I'm a rookie in semiconductors and chip fabrication, but I've been thinking a lot about benchtop semiconductor fabrication. Was trying to find projects that have tried to do similar things and came across Minifab: https://www.semimedia.cc/?p=7972

It seems like some steps can be bypassed when focusing on prototyping one chip vs many.

This is an open ended/vague question, but what are the engineering constraints to building something like this?

  • 4
    \$\begingroup\$ The constraints are probably not electrical but more mechanical, chemical and physics based. \$\endgroup\$
    – Kartman
    Aug 6 at 0:40
  • 5
    \$\begingroup\$ There are some folks who have been able to just make crude ca. 1970s chips in a home/garage type environment. Think 5-10um. The chemicals are not friendly and there are a lot of processes. Making a diode should not be difficult, given commercial silicon. Personally, I don’t see the motivation, and it would take a lot of motivation to assemble that amount of equipment and acquire at least the minimum skills to operate it. \$\endgroup\$ Aug 6 at 1:20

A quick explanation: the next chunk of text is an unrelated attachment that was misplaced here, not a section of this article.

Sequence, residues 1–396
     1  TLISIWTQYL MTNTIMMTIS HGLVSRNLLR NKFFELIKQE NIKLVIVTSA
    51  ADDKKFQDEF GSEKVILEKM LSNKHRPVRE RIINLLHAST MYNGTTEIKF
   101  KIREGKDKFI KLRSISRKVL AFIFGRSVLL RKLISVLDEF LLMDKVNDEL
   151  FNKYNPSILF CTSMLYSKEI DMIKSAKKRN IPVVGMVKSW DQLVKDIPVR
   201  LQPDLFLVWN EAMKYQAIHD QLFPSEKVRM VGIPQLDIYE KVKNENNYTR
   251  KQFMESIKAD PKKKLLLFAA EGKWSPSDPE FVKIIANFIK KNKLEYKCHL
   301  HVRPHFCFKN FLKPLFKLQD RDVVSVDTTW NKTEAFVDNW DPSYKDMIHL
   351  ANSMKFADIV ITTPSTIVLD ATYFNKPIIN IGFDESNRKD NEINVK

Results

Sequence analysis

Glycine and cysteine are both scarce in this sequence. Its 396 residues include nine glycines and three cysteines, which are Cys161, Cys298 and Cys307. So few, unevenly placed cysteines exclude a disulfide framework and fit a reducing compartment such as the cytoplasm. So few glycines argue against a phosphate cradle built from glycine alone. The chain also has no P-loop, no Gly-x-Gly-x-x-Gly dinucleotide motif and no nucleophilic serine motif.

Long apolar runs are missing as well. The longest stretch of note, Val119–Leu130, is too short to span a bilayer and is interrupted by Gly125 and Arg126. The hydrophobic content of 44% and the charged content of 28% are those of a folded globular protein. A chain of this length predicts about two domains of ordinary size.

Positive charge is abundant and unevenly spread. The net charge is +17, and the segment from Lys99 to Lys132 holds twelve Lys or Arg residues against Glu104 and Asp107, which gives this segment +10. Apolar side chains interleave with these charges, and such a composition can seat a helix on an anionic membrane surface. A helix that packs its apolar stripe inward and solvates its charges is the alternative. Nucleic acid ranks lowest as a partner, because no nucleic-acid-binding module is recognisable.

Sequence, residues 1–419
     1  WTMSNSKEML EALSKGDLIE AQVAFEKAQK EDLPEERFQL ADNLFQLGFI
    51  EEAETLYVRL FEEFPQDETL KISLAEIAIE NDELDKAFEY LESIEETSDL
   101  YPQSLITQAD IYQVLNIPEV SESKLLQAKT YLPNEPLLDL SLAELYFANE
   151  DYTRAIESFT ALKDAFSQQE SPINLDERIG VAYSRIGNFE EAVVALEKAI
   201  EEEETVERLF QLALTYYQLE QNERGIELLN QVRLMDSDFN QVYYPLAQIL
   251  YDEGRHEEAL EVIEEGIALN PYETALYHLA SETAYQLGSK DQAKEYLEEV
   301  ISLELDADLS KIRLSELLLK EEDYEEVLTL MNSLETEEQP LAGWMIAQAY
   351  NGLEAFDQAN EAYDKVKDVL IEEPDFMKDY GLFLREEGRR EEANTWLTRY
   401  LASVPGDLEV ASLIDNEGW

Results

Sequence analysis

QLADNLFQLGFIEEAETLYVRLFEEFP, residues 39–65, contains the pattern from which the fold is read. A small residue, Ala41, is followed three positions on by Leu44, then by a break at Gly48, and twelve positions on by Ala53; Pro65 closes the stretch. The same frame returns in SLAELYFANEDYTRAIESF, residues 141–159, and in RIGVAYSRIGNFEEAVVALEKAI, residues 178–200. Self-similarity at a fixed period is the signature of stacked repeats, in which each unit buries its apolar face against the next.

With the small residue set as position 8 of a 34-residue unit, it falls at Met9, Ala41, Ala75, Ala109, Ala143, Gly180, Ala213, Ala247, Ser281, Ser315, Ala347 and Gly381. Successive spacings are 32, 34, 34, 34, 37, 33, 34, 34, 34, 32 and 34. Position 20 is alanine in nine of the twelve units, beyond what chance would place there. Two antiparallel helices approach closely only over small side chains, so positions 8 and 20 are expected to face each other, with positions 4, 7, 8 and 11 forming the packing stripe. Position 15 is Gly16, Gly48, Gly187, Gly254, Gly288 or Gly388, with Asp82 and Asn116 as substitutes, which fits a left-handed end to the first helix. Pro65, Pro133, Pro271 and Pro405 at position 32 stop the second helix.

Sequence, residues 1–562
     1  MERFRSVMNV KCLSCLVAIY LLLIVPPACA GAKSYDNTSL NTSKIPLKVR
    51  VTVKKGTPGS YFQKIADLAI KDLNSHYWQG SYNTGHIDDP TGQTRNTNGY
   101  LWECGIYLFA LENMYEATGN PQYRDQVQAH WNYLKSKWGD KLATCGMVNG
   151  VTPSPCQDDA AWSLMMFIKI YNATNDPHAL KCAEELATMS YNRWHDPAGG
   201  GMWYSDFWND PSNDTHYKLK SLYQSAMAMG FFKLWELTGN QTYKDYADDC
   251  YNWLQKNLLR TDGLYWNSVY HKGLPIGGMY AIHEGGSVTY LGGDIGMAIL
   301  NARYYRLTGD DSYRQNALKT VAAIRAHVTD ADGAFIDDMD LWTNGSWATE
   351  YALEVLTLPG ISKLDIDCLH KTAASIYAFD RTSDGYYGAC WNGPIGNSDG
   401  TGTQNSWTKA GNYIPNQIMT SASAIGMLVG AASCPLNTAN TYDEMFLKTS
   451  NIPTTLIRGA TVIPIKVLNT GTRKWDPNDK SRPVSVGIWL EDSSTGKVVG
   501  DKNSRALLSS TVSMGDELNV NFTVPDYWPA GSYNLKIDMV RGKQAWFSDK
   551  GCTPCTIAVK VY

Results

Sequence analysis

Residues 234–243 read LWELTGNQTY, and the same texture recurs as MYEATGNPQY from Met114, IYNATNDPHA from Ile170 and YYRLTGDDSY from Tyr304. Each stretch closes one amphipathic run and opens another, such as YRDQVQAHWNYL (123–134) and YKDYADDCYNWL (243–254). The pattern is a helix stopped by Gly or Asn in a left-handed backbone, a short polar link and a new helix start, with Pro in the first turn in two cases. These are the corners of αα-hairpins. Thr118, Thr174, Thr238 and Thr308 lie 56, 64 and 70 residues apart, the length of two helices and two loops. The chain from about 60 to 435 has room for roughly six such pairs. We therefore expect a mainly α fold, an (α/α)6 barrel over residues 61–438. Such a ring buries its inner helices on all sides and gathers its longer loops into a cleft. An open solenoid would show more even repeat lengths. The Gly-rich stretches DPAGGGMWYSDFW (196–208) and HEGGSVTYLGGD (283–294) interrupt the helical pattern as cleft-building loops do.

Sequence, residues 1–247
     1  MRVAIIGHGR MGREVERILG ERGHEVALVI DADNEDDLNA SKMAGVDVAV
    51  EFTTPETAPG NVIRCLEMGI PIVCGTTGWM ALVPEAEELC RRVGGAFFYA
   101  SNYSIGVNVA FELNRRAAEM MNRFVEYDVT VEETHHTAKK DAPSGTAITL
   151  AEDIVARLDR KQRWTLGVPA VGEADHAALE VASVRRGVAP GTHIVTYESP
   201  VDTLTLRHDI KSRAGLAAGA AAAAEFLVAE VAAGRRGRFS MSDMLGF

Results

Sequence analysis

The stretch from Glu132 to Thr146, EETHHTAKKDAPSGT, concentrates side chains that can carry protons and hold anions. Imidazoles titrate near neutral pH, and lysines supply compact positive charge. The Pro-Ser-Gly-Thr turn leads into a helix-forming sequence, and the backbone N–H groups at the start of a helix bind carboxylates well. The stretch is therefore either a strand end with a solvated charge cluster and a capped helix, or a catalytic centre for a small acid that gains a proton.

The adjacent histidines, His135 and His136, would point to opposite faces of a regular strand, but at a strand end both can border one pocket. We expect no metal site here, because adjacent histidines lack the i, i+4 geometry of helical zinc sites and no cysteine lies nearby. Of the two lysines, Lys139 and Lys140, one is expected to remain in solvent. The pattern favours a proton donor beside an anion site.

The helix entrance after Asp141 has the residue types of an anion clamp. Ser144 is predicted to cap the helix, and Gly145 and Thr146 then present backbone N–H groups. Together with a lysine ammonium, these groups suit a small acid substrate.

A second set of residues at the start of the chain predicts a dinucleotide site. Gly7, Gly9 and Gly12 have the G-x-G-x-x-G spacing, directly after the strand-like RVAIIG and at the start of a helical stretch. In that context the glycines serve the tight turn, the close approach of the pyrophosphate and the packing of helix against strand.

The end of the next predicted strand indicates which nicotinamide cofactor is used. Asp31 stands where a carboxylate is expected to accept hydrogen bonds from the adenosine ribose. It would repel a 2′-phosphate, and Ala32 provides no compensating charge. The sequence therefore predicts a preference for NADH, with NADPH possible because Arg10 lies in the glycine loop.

• \$\begingroup\$ See electronics.stackexchange.com/a/67604/11683 \$\endgroup\$
    – Dave Tweed
    Aug 6 at 1:59
  • \$\begingroup\$ @SpehroPefhany Sam Zeloof also has the benefit of a seemingly unlimited budget to buy [expensive] new and surplus equipment. I agree with the other commenters, not worth the trouble/cost/etc. \$\endgroup\$ Aug 6 at 2:17
  • \$\begingroup\$ When I was very young, sam, I bought this kit. Since that time, I did make/acquire-pieces for a quartz lamp-heated chamber that I had nickel plated and I could easily reach 1500 C on a 76.2 mm wafer inside it. Water cooled system. But no gases except for the argon or dry nitrogen used to fill the chamber during testing. (Believe me when I say that 20% Oxygen at standard pressure is very bad on Si wafers [or anything else] at 1500 C.) The gases are dangerous: silane, phosphine, and arsine are all nasty in their own ways. \$\endgroup\$
    – jonk
    Aug 6 at 3:28


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